The return of lace-up cycling shoes

Why the flip are laces making a return in high-end cycling shoes? It’s all down to a bike crash that happened in 2012.

But before we go into the details of that infamous crash, let’s just get to the real reason as to why laces are making a comeback.

They look cool.

We can make all the explanations and reasoning in the world but the fact of the matter is, if lace-ups didn’t look cool they wouldn’t be back at all.


Lace-up shoes have kind of been reverse-engineered to be good performers. It’s a bit like how Porsche 911s have been deliberately and obstinately designed with one key flaw (the engine weight is at the back). Giro wanted to make lace-up shoes but they were going to have to solve the weaknesses of lace-up shoes.


There are a few sound reasons why lace-ups may be a good idea for some riders. You may have odd-shaped feet. You may appreciate the slight increase in aero performance compared to straps-and-buckle deisgns.


The shoe in question is the Giro Empire ACC. The aforementioned bike crash was in the 2012 Giro d’Italia and involved the race leader Taylor Phinney. Basically he crashed a couple of times and bust his Giro Factor shoes and the only shoes he had available were a pair of bespoke lace-up Empire shoes that Giro had made for him for time trialling duties (aerodynamic yeah?)


The resulting social media meltdown that occurred all over the cycling world at the sight of cool-looking retro lace-up shoes in one of the Grand Tours pretty much sealed Giro’s fate – they were going to have to produce a lace-up shoe for market.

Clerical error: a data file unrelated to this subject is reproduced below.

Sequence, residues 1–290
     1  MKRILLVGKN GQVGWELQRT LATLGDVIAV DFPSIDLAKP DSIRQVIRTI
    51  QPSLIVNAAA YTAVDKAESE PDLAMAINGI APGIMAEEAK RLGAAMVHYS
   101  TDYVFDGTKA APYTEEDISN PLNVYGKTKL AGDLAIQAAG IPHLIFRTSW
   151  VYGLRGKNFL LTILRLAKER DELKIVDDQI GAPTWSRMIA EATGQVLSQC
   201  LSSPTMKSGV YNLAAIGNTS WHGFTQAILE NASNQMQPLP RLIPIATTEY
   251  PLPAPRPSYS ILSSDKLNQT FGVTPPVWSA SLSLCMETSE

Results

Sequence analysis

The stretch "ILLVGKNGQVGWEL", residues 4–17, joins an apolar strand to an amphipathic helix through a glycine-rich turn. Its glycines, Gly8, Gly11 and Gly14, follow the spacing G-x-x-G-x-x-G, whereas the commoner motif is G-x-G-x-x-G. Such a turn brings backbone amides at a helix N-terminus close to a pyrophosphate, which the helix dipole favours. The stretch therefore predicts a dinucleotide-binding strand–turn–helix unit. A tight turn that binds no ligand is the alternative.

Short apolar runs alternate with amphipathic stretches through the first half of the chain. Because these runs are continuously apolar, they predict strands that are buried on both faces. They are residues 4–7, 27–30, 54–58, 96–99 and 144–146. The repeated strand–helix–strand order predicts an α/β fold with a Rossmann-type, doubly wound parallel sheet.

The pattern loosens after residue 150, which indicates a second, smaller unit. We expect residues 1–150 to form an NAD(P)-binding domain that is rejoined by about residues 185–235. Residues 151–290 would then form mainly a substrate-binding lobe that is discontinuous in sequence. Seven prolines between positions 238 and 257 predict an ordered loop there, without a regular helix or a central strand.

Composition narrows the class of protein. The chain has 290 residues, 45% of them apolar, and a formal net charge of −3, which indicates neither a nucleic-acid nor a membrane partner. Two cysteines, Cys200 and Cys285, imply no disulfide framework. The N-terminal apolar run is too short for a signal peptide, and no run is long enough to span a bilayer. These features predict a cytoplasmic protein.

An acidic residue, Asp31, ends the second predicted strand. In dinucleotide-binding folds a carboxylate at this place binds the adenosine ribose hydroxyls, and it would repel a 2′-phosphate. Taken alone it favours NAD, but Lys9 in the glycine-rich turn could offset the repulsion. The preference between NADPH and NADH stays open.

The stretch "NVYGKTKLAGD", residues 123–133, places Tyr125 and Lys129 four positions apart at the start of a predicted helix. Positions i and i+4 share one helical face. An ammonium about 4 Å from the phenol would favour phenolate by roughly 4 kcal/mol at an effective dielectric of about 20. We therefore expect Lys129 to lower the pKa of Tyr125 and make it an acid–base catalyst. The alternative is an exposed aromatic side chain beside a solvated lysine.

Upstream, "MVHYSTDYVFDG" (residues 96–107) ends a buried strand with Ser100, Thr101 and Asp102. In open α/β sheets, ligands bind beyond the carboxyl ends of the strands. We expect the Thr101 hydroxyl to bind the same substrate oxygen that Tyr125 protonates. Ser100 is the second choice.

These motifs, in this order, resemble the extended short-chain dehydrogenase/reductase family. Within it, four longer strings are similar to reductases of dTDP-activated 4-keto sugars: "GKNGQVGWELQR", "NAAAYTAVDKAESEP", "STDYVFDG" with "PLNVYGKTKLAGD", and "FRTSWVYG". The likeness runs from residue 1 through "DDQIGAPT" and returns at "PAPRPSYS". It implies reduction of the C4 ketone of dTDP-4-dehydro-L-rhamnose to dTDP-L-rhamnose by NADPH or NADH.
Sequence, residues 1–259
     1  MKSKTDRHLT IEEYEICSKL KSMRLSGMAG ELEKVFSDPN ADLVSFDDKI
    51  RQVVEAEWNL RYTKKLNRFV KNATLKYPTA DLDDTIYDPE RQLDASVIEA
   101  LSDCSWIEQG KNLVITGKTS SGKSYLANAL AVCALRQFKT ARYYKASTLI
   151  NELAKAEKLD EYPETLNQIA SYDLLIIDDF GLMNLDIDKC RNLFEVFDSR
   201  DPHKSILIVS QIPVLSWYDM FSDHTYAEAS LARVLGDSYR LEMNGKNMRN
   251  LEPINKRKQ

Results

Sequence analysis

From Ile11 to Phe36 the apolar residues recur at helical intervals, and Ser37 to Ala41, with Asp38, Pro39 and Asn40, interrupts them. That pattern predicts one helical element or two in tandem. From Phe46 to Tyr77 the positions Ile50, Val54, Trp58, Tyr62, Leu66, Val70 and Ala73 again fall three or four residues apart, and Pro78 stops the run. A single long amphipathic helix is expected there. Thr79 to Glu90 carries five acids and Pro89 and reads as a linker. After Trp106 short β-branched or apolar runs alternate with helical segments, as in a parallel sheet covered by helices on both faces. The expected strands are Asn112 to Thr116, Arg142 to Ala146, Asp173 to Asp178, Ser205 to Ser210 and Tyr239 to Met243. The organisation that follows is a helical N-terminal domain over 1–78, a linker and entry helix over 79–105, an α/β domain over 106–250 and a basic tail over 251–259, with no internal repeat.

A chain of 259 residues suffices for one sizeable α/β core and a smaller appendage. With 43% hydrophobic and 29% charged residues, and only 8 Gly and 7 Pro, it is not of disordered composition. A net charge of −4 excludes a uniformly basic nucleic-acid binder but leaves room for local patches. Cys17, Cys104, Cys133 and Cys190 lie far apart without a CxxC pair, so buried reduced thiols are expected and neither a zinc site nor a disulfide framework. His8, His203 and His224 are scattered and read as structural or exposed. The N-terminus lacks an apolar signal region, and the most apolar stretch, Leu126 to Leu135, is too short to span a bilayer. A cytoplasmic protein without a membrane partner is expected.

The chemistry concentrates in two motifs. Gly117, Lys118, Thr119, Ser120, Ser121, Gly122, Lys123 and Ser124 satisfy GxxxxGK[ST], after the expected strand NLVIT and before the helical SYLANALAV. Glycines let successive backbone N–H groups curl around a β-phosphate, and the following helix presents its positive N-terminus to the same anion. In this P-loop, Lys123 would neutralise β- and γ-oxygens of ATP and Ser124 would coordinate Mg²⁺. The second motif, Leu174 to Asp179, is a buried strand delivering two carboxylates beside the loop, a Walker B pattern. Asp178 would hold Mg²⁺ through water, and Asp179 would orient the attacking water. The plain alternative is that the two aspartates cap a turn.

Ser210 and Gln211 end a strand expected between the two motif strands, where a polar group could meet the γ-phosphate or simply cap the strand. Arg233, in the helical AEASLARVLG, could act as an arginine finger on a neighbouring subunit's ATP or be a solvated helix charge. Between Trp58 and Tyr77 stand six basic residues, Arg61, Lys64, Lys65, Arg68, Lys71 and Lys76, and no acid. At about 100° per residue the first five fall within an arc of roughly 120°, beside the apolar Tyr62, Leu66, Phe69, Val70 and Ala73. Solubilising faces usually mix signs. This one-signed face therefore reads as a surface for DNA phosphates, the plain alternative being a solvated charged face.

Phinney’s shoes were stylish, pretty light and nicely aero. But traditional lace-up shoes of yore had issues. They went baggy during long rides and also lost their shape over the race season.


In the end the solution was to get the upper material correct. The actual laces weren’t the issue. Leather is nice, soft and luxurious but it’s leather that loses its shape, goes baggy and stretches at the lace holes. Giro went through ten versions of a man-made material before settling on a final microfibre.


Everything followed on from this new microfibre. The uppers were supple, supportive and retained their shape. Giro opted for flat nylon laces (not cotton) which resisted stretching. The laces also had enough friction in the lace holes to keep things in place consistently.


Giro settled on seven sets of lace holes after prototyping six hole and eight hole versions. The microfibre material, the laces and the lace hole arrangement you only need to re-adjust the upper eyelets when putting on (or removing) the Empires. The shoes remember and retain how you specifically have the tension set at each lace hole.


So there you have it. The modern lace-up shoe is now a viable option for performance cyclists again.

And they look cool.

It’s funny how it’s taken a fair amount of modern day R&D and manufacturing know-how to come up with something so retro looking!

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